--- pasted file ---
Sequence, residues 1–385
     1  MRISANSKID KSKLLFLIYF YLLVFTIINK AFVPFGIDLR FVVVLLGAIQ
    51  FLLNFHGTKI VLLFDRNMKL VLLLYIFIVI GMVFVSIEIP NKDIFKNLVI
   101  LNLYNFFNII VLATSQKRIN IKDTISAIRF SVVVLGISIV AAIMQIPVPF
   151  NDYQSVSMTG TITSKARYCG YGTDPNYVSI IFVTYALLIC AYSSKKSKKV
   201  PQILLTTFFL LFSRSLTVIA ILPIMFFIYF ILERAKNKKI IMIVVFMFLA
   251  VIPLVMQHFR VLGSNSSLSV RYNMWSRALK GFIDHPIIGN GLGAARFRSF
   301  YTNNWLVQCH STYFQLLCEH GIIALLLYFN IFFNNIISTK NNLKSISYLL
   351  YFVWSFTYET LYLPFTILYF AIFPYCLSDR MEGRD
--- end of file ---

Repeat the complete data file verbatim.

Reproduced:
Sequence, residues 1–385
     1  MRISANSKID KSKLLFLIYF YLLVFTIINK AFVPFGIDLR FVVVLLGAIQ
    51  FLLNFHGTKI VLLFDRNMKL VLLLYIFIVI GMVFVSIEIP NKDIFKNLVI
   101  LNLYNFFNII VLATSQKRIN IKDTISAIRF SVVVLGISIV AAIMQIPVPF
   151  NDYQSVSMTG TITSKARYCG YGTDPNYVSI IFVTYALLIC AYSSKKSKKV
   201  PQILLTTFFL LFSRSLTVIA ILPIMFFIYF ILERAKNKKI IMIVVFMFLA
   251  VIPLVMQHFR VLGSNSSLSV RYNMWSRALK GFIDHPIIGN GLGAARFRSF
   301  YTNNWLVQCH STYFQLLCEH GIIALLLYFN IFFNNIISTK NNLKSISYLL
   351  YFVWSFTYET LYLPFTILYF AIFPYCLSDR MEGRD